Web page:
In 1987, a new research center opened at the University of Minnesota that would begin a decades-long mission to catalyze innovation in all facets of transportation, from traffic flow and safety to pavements and bridges.
This year, the Center for Transportation Studies (CTS) celebrates its 30th anniversary, capping three decades of developing new tools to help agencies across the US improve transportation systems and provide objective data to inform elected officials on matters of transportation policy.
Over that time, many transportation research projects at the University have served as prime examples of how U of M research meets the practical needs of Minnesotans, in the Twin Cities area and throughout Minnesota, said Laurie McGinnis, CTS director.
“CTS brings together researchers, funders, and stakeholders to create shared understanding of new and emerging transportation issues and ensure that research is relevant and useful,” McGinnis said. “We relay the latest thinking and research findings and we help develop the workforce that will put new knowledge into practice.”
Driving innovation forward
Research at CTS focuses on several key areas through a variety of programs and facilities. One of these is traffic operations—managing the flow of traffic and reducing crashes. Years ago, CTS researchers invented technology to help transportation agencies record and analyze footage to improve traffic management. In 1991, this system, called Autoscope, was commercialized and it has since been used around the world.
Today, the Minnesota Traffic Observatory develops similar data collection tools to promote safer and more fluent traffic flow. For example, a camera system on high-rise rooftops near Interstate 94 in downtown Minneapolis, where crashes happen most frequently in all of Minnesota, helps CTS researchers and the Minnesota Department of Transportation (MnDOT) to improve safety.
Another key focus of CTS is pavement design and repair. Ongoing research projects are exploring ways to create smoother pavements, more sustainable materials and shorter delays during construction projects to improve the more than 3 million miles of paved roads in the US.
In 1994, CTS researchers joined in an effort led by MnDOT to form MnROAD, a live-traffic lab to study how cold climates cause damage to roads. When temperatures drop low enough, contractions in the pavement cause it to crack. Solving this problem could help roads last longer in Minnesota and other northern US states.
Presently, researchers are developing new materials and methods for paving roads. New asphalt mixes that include tiny graphite platelets may make road construction faster and more energy efficient. Meanwhile, new pothole patching technologies based on taconite have been developed and licensed for use.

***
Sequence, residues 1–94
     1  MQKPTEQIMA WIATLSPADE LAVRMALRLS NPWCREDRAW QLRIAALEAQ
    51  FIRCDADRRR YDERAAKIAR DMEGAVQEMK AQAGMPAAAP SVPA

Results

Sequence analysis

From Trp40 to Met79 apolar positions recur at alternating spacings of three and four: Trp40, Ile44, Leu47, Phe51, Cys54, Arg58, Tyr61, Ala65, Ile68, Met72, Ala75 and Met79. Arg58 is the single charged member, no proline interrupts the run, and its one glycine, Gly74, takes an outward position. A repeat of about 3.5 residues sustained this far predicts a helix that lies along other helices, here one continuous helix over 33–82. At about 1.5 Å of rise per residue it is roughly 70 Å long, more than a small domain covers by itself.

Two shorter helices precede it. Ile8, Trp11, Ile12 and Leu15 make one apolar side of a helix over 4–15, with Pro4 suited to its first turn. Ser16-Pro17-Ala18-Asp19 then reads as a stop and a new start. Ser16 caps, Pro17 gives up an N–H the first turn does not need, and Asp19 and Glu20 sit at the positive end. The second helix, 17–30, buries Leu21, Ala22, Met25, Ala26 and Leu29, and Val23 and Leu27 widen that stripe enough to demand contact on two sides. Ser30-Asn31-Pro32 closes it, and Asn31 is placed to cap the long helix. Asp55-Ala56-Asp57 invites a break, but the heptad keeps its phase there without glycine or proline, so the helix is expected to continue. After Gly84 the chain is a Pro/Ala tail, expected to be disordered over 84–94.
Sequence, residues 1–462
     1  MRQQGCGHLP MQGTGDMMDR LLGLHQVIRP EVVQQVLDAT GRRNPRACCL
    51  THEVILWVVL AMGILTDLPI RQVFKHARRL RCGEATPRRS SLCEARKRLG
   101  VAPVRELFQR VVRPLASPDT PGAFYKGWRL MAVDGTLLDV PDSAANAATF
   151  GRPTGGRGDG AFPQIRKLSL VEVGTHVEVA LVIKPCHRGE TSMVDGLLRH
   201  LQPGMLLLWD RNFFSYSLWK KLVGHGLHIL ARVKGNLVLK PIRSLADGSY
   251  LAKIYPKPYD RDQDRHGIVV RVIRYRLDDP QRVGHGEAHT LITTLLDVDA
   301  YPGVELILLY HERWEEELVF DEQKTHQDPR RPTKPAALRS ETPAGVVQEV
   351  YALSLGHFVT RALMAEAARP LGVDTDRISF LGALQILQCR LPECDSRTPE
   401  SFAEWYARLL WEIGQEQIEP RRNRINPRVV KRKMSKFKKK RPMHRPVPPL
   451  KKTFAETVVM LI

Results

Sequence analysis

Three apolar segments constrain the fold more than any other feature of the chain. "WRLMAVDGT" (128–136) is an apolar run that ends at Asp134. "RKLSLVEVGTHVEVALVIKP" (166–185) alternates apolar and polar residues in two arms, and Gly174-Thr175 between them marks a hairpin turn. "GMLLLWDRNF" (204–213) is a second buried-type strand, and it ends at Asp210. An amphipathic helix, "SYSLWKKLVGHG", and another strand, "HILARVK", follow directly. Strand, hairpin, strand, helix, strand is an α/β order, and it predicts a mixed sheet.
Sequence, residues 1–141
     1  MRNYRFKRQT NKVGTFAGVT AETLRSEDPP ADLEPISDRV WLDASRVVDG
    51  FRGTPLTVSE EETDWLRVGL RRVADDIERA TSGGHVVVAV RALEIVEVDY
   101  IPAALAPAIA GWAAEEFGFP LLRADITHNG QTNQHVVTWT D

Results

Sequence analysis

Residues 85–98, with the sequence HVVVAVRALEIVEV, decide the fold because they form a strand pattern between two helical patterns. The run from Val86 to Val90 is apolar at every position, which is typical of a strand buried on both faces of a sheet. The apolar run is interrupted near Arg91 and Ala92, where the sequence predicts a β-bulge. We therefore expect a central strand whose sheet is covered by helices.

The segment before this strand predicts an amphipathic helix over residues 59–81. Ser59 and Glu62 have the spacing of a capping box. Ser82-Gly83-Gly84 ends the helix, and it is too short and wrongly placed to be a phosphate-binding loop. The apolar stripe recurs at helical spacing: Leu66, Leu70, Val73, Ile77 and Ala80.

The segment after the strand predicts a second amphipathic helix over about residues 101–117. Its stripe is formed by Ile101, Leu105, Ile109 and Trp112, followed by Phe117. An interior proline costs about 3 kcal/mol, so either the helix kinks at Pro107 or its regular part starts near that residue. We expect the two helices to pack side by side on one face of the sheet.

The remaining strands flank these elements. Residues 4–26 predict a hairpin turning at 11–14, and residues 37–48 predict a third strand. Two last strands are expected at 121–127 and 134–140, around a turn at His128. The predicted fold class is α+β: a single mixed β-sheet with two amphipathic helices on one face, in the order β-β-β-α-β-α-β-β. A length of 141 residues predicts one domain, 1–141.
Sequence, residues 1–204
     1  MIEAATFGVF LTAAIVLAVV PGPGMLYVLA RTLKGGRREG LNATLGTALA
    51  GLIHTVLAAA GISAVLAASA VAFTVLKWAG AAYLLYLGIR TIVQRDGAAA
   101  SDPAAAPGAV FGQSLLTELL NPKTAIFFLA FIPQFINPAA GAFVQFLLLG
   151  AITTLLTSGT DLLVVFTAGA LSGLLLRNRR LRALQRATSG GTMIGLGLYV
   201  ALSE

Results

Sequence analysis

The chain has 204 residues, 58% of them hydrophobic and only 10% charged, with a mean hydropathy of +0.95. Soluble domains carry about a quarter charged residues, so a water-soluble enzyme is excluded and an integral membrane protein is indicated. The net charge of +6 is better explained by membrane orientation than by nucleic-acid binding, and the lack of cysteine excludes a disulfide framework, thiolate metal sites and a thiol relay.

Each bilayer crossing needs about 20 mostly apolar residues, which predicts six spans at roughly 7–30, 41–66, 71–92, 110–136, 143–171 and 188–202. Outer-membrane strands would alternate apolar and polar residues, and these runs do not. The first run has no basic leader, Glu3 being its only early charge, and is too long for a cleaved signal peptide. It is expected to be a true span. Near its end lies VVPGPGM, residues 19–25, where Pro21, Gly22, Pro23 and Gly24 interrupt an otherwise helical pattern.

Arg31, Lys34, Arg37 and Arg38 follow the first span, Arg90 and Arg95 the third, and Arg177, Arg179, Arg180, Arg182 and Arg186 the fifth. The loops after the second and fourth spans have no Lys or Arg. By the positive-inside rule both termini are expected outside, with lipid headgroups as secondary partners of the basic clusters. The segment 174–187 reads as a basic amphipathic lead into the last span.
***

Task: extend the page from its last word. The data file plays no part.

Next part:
While some researchers at CTS are focused on the material under drivers’ tires, others are paying attention to what’s going on inside the vehicles—specifically, with driver-assistance systems that help drivers navigate the roads safely and smartly. The Teen Driver Support System, developed at the HumanFIRST Laboratory, is a smartphone-based system that provides real-time feedback to teens about their driving habits and automatically reports continuous risky behaviors to their parents via text message.
Finally, CTS researchers are studying one of the most fundamental questions in transportation: Does the system get people where they need to go? For example, researchers have explored the relationship between workers’ qualifications for a given job and their access to it and found transit planning and workforce development could better serve disadvantaged workers.
Meanwhile, research into coordinating transportation services can help people unable to use their own car—such as those with disabilities, low incomes, or those who are older—access transportation options to meet their basic needs, such as attending work, buying groceries and going to the doctor. One of the studies found transit companies that coordinate services can increase cost savings, boost ridership, and improve service quality.
Paving the way for transportation
Looking forward, McGinnis said the curiosity and creativity of CTS scholars—brought out through their algorithms, models, guidelines, policies, technologies, and apps—holds potential to revolutionize how we think about transportation in a rapidly changing world. Some research will even lead to new technologies that are patented and commercialized, drawing in revenue and jobs for Minnesota.
Many questions are already on researchers’ minds going forward. How will self-driving vehicles become part of everyday society? How will travel habits change over the next 30 years? What challenges should we anticipate? Regardless of what the future holds, McGinnis said decades of experience have prepared CTS scholars and staff to forge ahead into tomorrow’s transportation issues.
“These 30 years have provided some amazing insights into the research process itself,” McGinnis said. “We’re able to see how research progresses over time from curiosity to discovery to innovation, which in turn has made transportation—and, more importantly, our lives—better.”